Belgian Prime Minister Charles Michel too came after dark and European Commission president Jean-Claude Juncker also paid homage to the dead.
"Tonight I am Belgian," an emotional Juncker said.
"It's sad, it's unfortunate, it's shocking," said Sofiane, an Algerian student, who had come to pay her respects.
The mayor of Zaventem, where the Brussels airport is located, has told AFP that the suicide attackers who struck the airport on Tuesday had their bombs hidden in their luggage.
"They came in a taxi with their suitcases. Their bombs were in their bags," mayor Francis Vermeiren said.
"They put their suitcases on trolleys; the first two bombs exploded. The third also put his on a trolley but he must have panicked - it didn't explode," he added.
Bomb disposal experts blew up this case later, he told AFP.
The French Interior Minister on Tuesday night renewed his call for stricter borders to be imposed within the European Union following today's deadly attacks in neighbouring Belgium.
Speaking on the France 2 television channel, Bernard Cazeneuve urged the European Parliament to implement security plans that would allow members of the visa-free Schengen travel zone to retain the information of all EU passengers flying within the zone.
Cazeneuve pushed for the restrictions, known as Passenger Name Record (PNR), to be implemented on an accelerated time-scale following attacks in Paris last November that killed 130 people.
However, since his call for them the plan has floundered, with critical MEPs citing concerns over civil liberties.
They have now pledged to finalise a draft of a directive by the end of the year.
On Tuesday night Cazeneuve said the European Parliament must act to implement the PNR.
"The European Parliament has to understand that to fail to push forward with PNR would be to deprive [the EU] of an effective tool against terror."
The airport targeted in this morning's bomb attacks will remain closed all day tomorrow, the European air safety agency has just said.
Three people were arrested in Germany on Tuesday night, suspected of links to attacks in Brussels.
The three had travelled to Germany from the Belgian capital earlier in the day, Al Jazeera reported.
Hundreds of Parisians marched on Tuesday evening to show solidarity with Brussels. The French capital was rocked by a string of attacks in November that killed 130 people. While IS claimed both attacks Belgium authorities are still saying it is "too early" to connect the two incidents.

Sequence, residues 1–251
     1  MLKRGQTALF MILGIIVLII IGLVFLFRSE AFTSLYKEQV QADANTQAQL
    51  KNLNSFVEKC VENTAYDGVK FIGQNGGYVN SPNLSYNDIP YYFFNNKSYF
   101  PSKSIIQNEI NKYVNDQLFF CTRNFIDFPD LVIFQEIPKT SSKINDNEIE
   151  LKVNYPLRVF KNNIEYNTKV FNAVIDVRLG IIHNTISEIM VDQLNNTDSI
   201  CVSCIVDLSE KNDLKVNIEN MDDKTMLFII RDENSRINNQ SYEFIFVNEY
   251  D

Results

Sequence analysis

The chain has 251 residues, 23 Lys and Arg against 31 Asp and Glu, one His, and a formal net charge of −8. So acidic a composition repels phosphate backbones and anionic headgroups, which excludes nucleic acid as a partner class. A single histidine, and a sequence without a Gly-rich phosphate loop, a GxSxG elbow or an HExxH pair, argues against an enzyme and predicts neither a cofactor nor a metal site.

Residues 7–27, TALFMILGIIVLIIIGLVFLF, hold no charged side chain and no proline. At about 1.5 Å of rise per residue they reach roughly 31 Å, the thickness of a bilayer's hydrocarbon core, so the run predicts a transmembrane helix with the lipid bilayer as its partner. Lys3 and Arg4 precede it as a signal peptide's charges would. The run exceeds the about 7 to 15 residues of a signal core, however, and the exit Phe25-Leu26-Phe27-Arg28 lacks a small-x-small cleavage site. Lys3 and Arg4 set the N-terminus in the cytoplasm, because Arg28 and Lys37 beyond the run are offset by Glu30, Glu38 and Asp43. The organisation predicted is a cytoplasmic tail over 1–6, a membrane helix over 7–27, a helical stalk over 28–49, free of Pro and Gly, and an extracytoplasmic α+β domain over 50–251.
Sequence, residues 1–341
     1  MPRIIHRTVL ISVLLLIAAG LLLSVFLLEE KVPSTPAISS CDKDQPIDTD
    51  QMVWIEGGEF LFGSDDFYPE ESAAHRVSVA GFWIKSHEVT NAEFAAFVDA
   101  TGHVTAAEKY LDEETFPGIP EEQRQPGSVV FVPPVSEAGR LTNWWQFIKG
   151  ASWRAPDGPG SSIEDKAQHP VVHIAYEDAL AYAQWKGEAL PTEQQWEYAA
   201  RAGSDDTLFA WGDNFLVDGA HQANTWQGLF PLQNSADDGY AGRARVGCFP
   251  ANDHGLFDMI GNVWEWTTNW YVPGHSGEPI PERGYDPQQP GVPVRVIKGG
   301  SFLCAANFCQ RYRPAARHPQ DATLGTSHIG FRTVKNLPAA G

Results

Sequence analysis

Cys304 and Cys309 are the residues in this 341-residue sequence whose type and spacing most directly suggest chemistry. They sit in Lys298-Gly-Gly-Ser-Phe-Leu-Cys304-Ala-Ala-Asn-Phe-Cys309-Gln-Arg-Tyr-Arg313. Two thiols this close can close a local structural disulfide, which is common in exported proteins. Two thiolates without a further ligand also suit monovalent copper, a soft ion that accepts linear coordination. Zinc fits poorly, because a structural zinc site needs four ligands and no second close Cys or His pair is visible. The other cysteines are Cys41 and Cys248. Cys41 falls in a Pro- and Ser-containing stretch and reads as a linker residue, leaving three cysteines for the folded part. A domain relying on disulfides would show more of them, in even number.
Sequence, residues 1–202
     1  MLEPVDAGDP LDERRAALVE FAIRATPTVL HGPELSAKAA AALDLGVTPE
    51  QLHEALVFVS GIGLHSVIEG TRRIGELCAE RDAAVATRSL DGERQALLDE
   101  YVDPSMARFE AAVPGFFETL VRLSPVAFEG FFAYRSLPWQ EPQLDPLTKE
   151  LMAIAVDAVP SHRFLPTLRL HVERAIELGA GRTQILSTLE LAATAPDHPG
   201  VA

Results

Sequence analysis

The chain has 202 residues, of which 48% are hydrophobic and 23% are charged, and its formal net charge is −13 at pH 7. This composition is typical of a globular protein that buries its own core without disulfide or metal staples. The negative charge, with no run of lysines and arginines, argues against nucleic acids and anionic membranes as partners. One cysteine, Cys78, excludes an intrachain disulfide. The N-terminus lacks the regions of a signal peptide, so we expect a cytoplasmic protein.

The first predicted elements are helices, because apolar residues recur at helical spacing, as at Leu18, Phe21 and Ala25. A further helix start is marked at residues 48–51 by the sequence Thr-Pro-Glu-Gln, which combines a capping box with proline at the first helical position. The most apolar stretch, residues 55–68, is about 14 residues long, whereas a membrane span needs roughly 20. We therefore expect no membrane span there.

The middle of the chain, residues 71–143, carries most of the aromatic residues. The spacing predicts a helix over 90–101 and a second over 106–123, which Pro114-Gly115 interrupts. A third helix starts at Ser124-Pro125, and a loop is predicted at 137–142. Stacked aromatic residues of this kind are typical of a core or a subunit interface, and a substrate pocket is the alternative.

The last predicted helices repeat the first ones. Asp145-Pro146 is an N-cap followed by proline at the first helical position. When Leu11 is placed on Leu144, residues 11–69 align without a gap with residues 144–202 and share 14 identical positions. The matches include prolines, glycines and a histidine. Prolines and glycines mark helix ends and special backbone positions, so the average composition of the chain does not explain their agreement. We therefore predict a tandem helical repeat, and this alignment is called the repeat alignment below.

Several notabe European landmarks have been illuminated with the Belgium flag as a sign of support to the Brussels victims.
Belgian police have found a bomb and an Islamic State flag during a search of a Brussels apartment carried out hours after deadly attacks.
"The searches that took place in the Schaerbeek (district) found an explosive device containing among other things nails," the federal prosecutor said in a statement.
The district is on the eastern side of Brussels and not next to the Molenbeek district which has thus far been the centre of anti-militant raids.
"Investigators also discovered chemicals and a flag of the Islamic State," the federal prosecutor added.
Crowds gathered in the Italian city of Turin for a rally marking the memory of the victims of the attacks in Brussels. People held signs saying "No to Terrorism" and waved EU flags as a sign of solidarity.
Police raids are under way across Belgium on Tuesday evening, the federal prosecutor said. Searches were taking place "in several parts of the country" and "several witnesses also were being heard," Frederic Van Leeuw said.
While some transport was re-opened after 4pm local time (15.00GMT) many have continued to stay indoors.
Rolf Krieger, who runs a market stall in the city centre, told MEE: “I’ve never known the city to be so quiet. Everywhere is empty. People are clearly very scared, and are staying in.”
“We were all told that something like this was going to happen, but that doesn’t make it any easier to cope with,” he added.
Lise Roy, 19, who commutes across Brussels everyday, said: “You don’t get any more cowardly than murdering innocent people going to work.”
“These murderers don’t know what they want, they just want to destroy everything, and spread fear.”